"I've been all over the world; even south Florida. I've seen many pretty places, but this beach is the most beautiful I've ever seen."-- Northeastern clean-up worker, June 4, 2010.
By now the whole world knows that an advance tongue of BP's lake of oil has reached Pensacola Beach. Indeed, it is washing up on beaches along the entire forty-mile length of Santa Rosa Island.
Today we took a leisurely trip along the westernmost half of what used to be known as the "Emerald Coast." We began at Navarre Beach and gradually proceeded, with refreshment stops, all the way to the western tip of Santa Rosa Island. Here's what we found:
1. Navarre Beach Near Normal.
To all outward appearances, Navarre Beach late this morning was unusually crowded for a Friday morning but otherwise normal. Lots of sunbathers, young kids gamboling in the surf, even a surf boarder or two.
Only a close inspection of the waves as they spent themselves on the beach revealed the occasional small, orange tarball. There were not many, even at mid-day. And, most were as small as dime; a very few were the size of a quarter.
The vast majority of tarballs were small, burnt-orange in color, and gooey-soft.We looked particularly for any signs that young swimmers were coming in contact with the oil. We saw none. Everybody seemed to be having a great time.
2. BP Clean-up Workers.
We happened to arrive at Navarre Beach just as three clean-up crews were unloading from a fleet of brand-new oversized white vans. Some of the vans were so new they had only temporary plates.
The vehicles bore license plates from a variety of states -- Alabama, Florida, Georgia, North Carolina. From the looks of it, BP has rented every van they could lay their corporate tentacles on throughout the Southeast.
Just for fun, we snapped a photo of a couple of the license plates and mashed them up (below).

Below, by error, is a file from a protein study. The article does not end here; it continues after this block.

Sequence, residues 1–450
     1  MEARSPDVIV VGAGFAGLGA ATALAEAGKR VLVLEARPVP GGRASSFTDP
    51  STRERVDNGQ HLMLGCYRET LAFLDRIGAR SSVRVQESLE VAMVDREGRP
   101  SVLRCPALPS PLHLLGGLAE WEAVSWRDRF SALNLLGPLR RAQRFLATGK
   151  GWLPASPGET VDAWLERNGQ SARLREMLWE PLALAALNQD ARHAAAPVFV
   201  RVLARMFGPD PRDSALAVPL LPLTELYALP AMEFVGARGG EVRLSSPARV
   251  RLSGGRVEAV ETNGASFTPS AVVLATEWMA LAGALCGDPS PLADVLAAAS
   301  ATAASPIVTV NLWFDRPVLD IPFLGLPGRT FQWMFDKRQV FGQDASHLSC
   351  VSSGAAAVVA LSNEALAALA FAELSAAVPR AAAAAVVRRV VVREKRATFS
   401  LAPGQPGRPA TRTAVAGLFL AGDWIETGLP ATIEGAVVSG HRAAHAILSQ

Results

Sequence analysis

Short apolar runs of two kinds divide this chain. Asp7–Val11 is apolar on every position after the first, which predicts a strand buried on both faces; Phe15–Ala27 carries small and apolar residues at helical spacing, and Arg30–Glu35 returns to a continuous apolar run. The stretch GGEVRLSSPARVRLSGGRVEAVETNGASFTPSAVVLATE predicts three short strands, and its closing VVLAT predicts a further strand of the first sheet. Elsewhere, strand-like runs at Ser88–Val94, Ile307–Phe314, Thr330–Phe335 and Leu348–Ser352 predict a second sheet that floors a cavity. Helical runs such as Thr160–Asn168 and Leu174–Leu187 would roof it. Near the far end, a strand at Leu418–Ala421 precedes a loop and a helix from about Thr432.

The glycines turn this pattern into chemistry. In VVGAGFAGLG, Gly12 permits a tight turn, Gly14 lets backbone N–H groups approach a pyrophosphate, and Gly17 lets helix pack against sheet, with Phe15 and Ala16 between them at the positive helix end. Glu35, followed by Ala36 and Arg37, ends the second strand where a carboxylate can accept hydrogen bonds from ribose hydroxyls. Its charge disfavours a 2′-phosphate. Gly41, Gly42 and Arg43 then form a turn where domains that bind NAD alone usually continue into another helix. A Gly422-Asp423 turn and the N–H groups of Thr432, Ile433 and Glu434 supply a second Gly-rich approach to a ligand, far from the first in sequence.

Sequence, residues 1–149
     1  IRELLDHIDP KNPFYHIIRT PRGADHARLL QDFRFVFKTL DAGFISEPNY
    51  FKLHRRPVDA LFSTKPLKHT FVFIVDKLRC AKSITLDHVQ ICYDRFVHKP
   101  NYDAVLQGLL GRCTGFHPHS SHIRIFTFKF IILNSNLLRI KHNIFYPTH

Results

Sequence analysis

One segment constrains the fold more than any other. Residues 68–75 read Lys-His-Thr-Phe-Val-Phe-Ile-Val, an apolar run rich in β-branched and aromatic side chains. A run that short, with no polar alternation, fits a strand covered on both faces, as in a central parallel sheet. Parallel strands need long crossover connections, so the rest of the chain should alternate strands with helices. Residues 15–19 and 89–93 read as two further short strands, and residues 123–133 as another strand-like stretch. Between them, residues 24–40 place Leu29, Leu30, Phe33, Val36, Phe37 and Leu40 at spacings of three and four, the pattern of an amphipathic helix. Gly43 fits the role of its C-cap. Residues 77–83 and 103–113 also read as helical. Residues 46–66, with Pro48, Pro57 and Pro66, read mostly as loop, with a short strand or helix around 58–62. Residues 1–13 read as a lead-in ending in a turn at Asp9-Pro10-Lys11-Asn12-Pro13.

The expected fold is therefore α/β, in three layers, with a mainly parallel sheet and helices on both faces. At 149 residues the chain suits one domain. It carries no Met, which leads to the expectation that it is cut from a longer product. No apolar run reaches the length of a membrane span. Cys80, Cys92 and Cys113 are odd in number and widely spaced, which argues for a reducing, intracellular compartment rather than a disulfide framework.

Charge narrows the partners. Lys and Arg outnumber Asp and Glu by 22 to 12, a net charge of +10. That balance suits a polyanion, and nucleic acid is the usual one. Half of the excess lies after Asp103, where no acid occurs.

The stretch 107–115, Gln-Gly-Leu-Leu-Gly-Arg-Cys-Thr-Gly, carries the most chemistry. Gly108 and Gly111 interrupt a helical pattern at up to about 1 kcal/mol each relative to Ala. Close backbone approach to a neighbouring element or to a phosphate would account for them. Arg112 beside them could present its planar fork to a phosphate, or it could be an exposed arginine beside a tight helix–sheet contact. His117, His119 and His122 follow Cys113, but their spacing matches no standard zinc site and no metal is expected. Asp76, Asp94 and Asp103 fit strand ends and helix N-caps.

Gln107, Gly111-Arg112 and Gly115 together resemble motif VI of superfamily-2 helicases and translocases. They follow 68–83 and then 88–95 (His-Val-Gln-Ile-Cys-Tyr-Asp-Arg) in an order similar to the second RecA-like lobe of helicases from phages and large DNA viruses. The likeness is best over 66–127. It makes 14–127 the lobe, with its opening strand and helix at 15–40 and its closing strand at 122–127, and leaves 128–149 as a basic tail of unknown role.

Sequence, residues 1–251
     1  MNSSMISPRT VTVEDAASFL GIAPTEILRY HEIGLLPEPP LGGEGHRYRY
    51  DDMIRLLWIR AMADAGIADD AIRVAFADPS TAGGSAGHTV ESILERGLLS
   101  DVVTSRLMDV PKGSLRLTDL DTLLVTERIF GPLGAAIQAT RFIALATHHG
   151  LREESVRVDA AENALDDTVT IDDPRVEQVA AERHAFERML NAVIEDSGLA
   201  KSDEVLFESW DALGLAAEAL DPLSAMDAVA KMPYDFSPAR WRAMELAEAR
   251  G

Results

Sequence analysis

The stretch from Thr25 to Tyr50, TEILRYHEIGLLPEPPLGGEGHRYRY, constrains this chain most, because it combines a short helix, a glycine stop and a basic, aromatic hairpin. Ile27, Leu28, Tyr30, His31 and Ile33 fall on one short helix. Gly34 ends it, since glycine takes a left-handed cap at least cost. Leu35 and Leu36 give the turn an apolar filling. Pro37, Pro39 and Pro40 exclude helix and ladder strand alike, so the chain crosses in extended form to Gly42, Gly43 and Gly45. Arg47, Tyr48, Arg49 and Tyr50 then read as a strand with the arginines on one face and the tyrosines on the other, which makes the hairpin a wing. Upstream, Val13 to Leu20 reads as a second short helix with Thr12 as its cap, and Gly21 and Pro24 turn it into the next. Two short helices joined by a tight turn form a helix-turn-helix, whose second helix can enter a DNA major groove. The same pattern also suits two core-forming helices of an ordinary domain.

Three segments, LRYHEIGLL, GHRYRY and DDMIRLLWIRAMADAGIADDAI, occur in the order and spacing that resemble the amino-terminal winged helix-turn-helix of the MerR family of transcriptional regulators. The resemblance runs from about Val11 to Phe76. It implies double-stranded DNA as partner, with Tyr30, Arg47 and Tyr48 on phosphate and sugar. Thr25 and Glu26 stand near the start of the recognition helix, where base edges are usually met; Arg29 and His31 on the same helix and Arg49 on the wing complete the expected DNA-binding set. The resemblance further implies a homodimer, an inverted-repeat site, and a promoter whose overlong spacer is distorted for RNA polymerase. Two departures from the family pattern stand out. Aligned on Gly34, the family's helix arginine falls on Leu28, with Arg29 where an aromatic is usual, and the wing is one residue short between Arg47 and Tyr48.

These plates are from two of eight vans we saw at Navarre Beach. All were disgorging workers who had been given no protective clothing. After each crew exited a van they gathered together, then headed immediately for the beach.
The crews had shockingly few tools. One or two were armed with a shovel, some with sticks and plastic bags. Most were carrying nothing.
3. Clean-up Crews Under Wraps.
Every time we encountered clean-up crews, we tried to engage them in conversation. Normally, we're pretty good at that. We're a talkative sort, fairly friendly, and even if we do say so ourselves, we've had a lot of experience, from one end of the globe to the other, at getting complete strangers to open up.
Not today. Not with this crowd. We tried talking with several of the workers at several different beaches. Almost all refused to say a word.
Some ignored us. Most merely shook their heads from side to side as if to say, 'No, man. I can't say a word' or 'Don't you get it? I need this job.'
One brave worker did tell us he wasn't "from around here." But he, too, silently shook his head when we followed up by asking where he was from.
It was obvious that all the workers were under strict instructions to talk to no one. Many seemed, frankly, terrified to be approached. One fellow referred us to what he called "the head man." He turned out to be a middle-aged guy with a southern accent and a large paunch hanging over his belt. His hands looked as soft as his belly.
He, too, admitted he wasn't "from here." But he wouldn't say where he came from. When we asked, he silently dug into his pants and, after a short struggle, pulled out a small roll of ten identical thin strips of paper, all bearing the same typed message:
"Here," he said, handing us one of the strips. "You got any questions you call this number."